Erik Möllerström, a Swedish academic, sent me a copy of a report on a long-forgotten Swiss project intended to demonstrate a wind-biogas system designed for remote locations using a Darrieus wind turbine.
The 1992 report on the project by the Centre de Recherche Energétiques et Municpales reads like so many of the others from the period. In short, the four-year project was a failure for a host of reasons that the report highlights.
This was a project that wasn’t meant to be.
The project was bedeviled by technical problems and glitches, most notably with the biogas engine fed from sewage treatment plant digesters serving the Swiss city of Martigny. The use of digester gas was well known at the time, but certainly not as well known as today. They encountered all the problems you would expect. The gas was corrosive and its energy content varied with the operation of the plant. They had trouble keeping the gas engine running and it didn’t perform as well as expected.
The wind turbine didn’t perform any better.
The wind turbine used was a prototype phi-configuration Darrieus developed by Alpha Real, a Swiss engineering firm. Little information is available today on the company and its wind turbine that looked strikingly similar to Sandia National Laboratory’s 19-meter test mule in New Mexico.
Alpha Real claimed that at the time it was Europe’s largest Darrieus wind turbine. It could have been. They also claimed it had been “rigorously” tested. It had not. If it had been many of the subsequent problems with the wind turbine would have been avoided.
To test the wind-biogas system, they needed to put the wind turbine near a sewage treatment plant. For those who don’t know, sewage treatment plants are typically down river so at the lowest place in the community. Sewage treatment plants are not located on hill tops or well-exposed ridges where we want to put wind turbines–if we can.
Worse, Martigny is in Switzerland’s Valais canton southwest of Montreaux in a steep-sided mountain valley surrounded by the Alps.
Thus, the location along the La Drance River was a very poor site for a wind turbine–of any kind–but especially one on a short tower. To make a bad situation worse, one photo shows the site surrounded by shrubs and trees.
One of the great drawbacks of Darrieus turbines of the period was their use with very short towers. This was exacerbated at Martigny by the obstructions.
Embarrassingly, all this was visible from the Autoroute du Rhône that followed La Drance through the valley.
The 19.2-meter diameter two-blade rotor used aluminum extrusions at which the Swiss were skilled. The torque tube stood 28.4 meters tall and drove a two-speed asynchronous, doubly-wound, generator rated at 160 kW.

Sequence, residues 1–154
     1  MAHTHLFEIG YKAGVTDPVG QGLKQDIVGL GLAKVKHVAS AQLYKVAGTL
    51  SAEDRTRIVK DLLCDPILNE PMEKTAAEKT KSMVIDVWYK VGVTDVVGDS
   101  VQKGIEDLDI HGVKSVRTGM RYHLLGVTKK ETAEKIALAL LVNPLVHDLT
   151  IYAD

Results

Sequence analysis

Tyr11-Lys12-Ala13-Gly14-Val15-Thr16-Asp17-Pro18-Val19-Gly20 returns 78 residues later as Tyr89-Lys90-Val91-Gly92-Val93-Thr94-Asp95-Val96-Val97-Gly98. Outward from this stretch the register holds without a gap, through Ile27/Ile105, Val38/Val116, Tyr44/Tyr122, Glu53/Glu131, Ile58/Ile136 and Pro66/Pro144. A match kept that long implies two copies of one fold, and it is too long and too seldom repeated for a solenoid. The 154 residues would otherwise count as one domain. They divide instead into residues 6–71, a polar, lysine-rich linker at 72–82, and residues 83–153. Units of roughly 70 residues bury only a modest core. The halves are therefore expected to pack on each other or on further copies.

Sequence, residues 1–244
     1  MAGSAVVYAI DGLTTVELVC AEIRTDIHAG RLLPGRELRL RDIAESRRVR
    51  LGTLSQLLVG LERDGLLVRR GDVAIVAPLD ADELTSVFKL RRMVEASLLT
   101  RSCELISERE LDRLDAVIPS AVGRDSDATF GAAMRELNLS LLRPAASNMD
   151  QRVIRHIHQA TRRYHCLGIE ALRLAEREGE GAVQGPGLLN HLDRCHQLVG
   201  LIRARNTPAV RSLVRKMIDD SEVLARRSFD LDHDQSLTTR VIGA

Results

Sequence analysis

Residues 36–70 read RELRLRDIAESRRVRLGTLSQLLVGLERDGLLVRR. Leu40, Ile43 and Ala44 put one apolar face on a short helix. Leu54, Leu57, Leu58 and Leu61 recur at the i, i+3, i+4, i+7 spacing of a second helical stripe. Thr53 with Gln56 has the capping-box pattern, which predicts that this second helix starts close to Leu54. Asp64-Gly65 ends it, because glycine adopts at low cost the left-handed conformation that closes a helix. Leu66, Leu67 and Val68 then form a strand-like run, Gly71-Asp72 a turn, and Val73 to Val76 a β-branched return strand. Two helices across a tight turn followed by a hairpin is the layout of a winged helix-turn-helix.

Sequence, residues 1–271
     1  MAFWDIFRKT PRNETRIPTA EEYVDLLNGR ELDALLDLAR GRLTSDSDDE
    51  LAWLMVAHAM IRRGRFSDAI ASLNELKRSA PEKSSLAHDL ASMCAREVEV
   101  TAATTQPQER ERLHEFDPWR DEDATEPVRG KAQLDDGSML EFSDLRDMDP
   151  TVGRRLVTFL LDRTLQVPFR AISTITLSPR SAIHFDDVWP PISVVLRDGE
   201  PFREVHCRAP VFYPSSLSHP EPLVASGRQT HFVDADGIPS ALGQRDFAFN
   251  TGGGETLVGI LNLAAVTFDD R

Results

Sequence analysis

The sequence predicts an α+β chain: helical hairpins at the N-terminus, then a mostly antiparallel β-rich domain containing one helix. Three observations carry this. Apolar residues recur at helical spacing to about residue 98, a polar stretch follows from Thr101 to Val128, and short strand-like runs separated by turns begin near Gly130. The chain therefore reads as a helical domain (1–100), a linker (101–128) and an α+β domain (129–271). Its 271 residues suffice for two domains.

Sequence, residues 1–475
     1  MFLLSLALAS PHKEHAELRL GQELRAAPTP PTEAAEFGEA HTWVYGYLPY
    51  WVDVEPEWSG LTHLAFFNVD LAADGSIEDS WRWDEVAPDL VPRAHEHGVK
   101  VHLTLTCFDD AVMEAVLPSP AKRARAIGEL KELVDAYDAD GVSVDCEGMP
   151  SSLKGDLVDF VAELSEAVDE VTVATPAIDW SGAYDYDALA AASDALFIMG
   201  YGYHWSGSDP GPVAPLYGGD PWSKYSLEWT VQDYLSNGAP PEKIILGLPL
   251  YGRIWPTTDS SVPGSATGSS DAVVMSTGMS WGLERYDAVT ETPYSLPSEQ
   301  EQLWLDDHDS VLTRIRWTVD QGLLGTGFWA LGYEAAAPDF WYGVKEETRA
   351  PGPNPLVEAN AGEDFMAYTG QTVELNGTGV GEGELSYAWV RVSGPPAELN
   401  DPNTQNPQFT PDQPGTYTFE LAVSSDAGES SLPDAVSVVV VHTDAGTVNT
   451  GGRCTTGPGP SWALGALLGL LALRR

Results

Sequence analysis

Alpha Real’s promotional materials were unusual for Darrieus developers of the day. All-in-all their claims were quite tempered. They prominently reported the rotor’s swept area of 320 meters². They also reported the turbine’s specific power of 500 W/m². Both parameters are fundamental to understanding a wind turbine and yet many developers of prototype Vertical-Axis Wind Turbines (VAWTs) still don’t report such details–or don’t even know why these measures are important.
The Swiss company made the usual claims about Darrieus VAWTs being omni-directional and that the turbines were easier to integrate into the landscape, but it certainly wasn’t over-the-top.
Like most phi-configuration Darrieus, the turbine wasn’t self-starting. However, the 30 kW necessary to drive the rotor up to speed consumed little overall energy. In 1988 the rotor consumed 564 kWh for starting and 336 kWh in 1989.
The tested power at 10 minute average wind speed of 150 kW was close to Alpha Real’s nominal rating.
The turbine performed best in 1991 when it generated 84,500 kWh or only 52% of its projected production of 164,000 kWh per year for the later variant at an average wind speed of 5.5 m/s.
The lost production was attributed to the turbine’s poor reliability and less wind at the site than expected. Most of the lost production was simply due to the poor site in a region of low wind.
None of this should have been a surprise to anyone in Switzerland. Data on the poor performance of Darrieus turbines in California was readily available even if there was no internet in 1988. Data on wind turbine performance in California was published–in hard copy–beginning in 1985. There was ample time for Swiss engineers and researchers to hear about the problems in California at professional conferences and among their peers.
Similarly, the mechanical and electrical problems the turbine encountered were not unknown at the time.
Alpha Real’s Darrieus turbine suffered a sufficiently serious enough hydraulic leak that required redesign of the gearbox. One of the struts sheared in two at the torque tube. The disk brake warped, requiring replacement.
If that wasn’t enough, the “finger” attachments of the blades to the torque tube seemed destined for failure. Sure enough, the report notes that fatigue cracks in the blade attachments required a complete rethink.
The report concludes that even if the turbine worked reliably, it would never meet its performance estimates.
In summary, the experience of Alpha Real’s Darrieus turbine at Martigny from 1988 to 1991 mirrors that of similar wind turbines operating in California at the time.